general principle of their decision tree is that different QTL will have different impacts on the overall transmission of
infection, and those which reduce the disease impact by considerably reducing susceptibility to infection are generally the
most appropriate to use. The prioritisation of which QTL or genes to pursue for research or utilisation purposes must be
done from the perspective of each individual disease.

Applications of molecular makers in the developing world
Although use of marker assisted selection would seem to be particularly beneficial
for selection of disease resistance in the developing world, there is as yet no
example of application in the developing world. In large part the failure to use
QTL information reflects the lack of investment in QTL mapping in the
developing world. Such investment is needed not only to detect QTL that could be
useful in genetic improvement programs, but also to design improvement
programs utilising QTL information that would be sustainable under developing
world conditions. A limitation to obtaining the necessary investment is that there
has been no coherent case made for a cost-effective and sustainable strategy for
use of molecular genetic information for genetic improvement in the developing
world. A strategy for use of molecular markers that is hypothesis driven and also
has clear goals and routes to impact for poor farmers would potentially be
attractive to both research and to development oriented funding agencies. We
present here such a strategy for use of molecular genetic information to enhance
genetic improvement in the low to medium input systems of the developing
world. The strategy described below is summarised in Figure 2. It involves use of
molecular genetic markers to map genetic diversity among livestock breeds, use
of markers to test hypotheses about which breeds carry unique QTL and use of
markers to accelerate genetic improvement.


Mapping livestock genetic diversity
Over 6,400 documented breed populations of some 30 species of livestock have
been developed in the 12,000 years since the first livestock species were
domesticated. These breeds have evolved adaptations that allow livestock
production in a wide range of situations, including some of the most stressful
environments inhabited by man. These naturally evolved genetic characteristics
provide a coherent basket of sustainable solutions to disease resistance, survival
and efficient production that have often been ignored in the drive to find
technological and management solutions to individual problems of livestock
production in low-input systems. It is estimated that 35% of mammalian breeds
and 63% of avian breeds are at risk of extinction, and that one breed is lost every
week. The performance, adaptation and disease resistance of the vast majority of
breeds in developing countries have not been systematically recorded, and little of
the information that does exist is in an easily accessible form. Moreover, the
majority of livestock genetic diversity is found in the developing world where
documentation is most lacking and risk of extinction is highest and increasing.

Molecular genetic markers can be used to estimate the genetic diversity within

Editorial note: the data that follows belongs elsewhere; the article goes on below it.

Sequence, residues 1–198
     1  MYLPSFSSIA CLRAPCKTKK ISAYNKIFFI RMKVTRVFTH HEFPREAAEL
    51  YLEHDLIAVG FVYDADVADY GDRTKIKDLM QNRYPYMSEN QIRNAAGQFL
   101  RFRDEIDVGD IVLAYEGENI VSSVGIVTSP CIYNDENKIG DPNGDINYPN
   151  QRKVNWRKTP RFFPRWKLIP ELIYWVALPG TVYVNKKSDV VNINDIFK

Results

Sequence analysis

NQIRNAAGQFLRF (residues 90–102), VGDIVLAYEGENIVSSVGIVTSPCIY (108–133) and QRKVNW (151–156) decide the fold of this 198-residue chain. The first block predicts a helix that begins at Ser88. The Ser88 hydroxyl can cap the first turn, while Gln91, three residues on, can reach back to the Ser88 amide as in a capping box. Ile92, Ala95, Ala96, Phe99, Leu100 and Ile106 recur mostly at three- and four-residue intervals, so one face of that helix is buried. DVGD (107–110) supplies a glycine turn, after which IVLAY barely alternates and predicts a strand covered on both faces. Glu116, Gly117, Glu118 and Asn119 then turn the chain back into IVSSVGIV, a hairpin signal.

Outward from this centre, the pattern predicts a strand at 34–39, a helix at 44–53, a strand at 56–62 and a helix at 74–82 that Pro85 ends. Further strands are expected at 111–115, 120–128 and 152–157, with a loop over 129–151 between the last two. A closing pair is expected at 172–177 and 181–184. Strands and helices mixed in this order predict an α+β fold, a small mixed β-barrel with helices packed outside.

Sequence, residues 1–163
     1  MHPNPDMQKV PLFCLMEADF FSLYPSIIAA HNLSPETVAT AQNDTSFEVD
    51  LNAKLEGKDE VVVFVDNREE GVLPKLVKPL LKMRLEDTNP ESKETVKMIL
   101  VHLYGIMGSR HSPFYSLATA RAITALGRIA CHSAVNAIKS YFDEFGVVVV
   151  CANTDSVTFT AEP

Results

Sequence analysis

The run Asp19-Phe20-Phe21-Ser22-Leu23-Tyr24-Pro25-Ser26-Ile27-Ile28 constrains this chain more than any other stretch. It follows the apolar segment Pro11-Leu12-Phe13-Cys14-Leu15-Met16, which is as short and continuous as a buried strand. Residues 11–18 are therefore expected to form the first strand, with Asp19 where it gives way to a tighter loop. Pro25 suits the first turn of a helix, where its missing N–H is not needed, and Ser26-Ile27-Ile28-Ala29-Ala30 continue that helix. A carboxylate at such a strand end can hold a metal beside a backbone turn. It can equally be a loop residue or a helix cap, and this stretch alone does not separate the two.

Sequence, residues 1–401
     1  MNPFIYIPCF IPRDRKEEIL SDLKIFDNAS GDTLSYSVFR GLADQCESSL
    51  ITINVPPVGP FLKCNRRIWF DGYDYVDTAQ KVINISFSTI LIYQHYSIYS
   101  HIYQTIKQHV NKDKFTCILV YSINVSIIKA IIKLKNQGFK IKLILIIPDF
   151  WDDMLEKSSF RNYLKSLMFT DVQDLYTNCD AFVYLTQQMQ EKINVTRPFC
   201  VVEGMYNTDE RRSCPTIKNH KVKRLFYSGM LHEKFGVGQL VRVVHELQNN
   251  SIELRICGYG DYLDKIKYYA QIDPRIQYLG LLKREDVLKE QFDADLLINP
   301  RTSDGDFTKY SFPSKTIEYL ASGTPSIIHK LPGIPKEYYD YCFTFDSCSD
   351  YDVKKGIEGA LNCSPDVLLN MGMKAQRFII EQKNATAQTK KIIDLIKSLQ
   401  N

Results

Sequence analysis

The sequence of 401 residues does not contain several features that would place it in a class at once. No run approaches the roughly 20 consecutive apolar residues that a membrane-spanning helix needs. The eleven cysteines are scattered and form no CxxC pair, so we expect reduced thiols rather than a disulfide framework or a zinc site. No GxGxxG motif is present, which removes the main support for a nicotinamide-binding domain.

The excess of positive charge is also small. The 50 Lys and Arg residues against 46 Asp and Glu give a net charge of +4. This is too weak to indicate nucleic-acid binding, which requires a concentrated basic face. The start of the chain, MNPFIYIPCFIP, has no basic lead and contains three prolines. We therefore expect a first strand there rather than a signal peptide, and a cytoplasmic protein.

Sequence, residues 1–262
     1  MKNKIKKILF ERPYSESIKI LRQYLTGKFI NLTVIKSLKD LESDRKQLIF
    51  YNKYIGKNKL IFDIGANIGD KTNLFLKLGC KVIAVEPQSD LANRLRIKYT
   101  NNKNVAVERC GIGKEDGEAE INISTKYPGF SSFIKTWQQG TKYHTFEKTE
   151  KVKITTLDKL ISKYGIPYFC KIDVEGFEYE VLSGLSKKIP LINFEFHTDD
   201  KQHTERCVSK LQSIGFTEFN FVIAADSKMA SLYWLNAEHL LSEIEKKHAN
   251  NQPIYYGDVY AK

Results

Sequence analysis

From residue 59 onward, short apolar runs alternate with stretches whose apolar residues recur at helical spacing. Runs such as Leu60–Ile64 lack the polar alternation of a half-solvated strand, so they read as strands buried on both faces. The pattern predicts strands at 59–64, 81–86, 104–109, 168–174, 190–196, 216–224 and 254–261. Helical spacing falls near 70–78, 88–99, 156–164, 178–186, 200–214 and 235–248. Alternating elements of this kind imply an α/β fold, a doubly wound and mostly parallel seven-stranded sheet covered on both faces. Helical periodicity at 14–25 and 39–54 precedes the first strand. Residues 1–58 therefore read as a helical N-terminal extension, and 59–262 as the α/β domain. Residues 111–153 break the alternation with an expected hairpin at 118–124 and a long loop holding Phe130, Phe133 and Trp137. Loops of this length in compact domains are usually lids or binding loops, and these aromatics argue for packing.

and between a set of breeds. Such information has been collected in a number of
projects, and used to map the geographic distribution of livestock genetic diversity
and to infer movements of livestock following domestication (eg (HANOTTE et al.
2002; TROY et al. 2001)). Such information is of great scientific interest. But until
recently it has not been clear how information on molecular genetic marker
genotypes can contribute to utilisation of livestock genetic diversity.

If we knew the distribution of potentially useful genetic polymorphisms within
and between the world‟s livestock breeds, objective decisions on conservation and
utilisation of genetic diversity would be relatively straightforward. In the absence
of such genetic information, detailed phenotypic information could provide a very
approximate guide to the underlying genetic polymorphism. But as noted above,
even at the phenotypic level, there is very little information on the production,
reproduction, adaptation and disease resistance potential of most livestock breeds.
In this situation, information on genotypes at anonymous molecular genetic
markers can provide valuable estimates of genetic diversity within and between
populations, and this information can be used in decision taking for both
conservation and utilisation of livestock genetic resources. While the use of
molecular markers may seem a diversion from the topic of improvement and
utilisation of disease resistance, it forms an important component of an integrated
strategy for application of molecular genetic markers and as such we briefly
describe how molecular markers can contribute to conservation decisions.

Use of molecular marker diversity in conservation decisions
Although the ideal would be to conserve all breeds of livestock for future
potential use the financial, physical and human resources are very unlikely to be
available to do that. Decisions will, therefore, have to be taken on how to allocate
finite resources for conservation. One goal of conservation will be to conserve the
maximum amount of diversity for potential future use. There is almost complete
absence of information on the distribution of potentially useful genetic
polymorphisms among breeds, and only very limited information exists on
phenotypes of developing world breeds. In the short term, therefore, molecular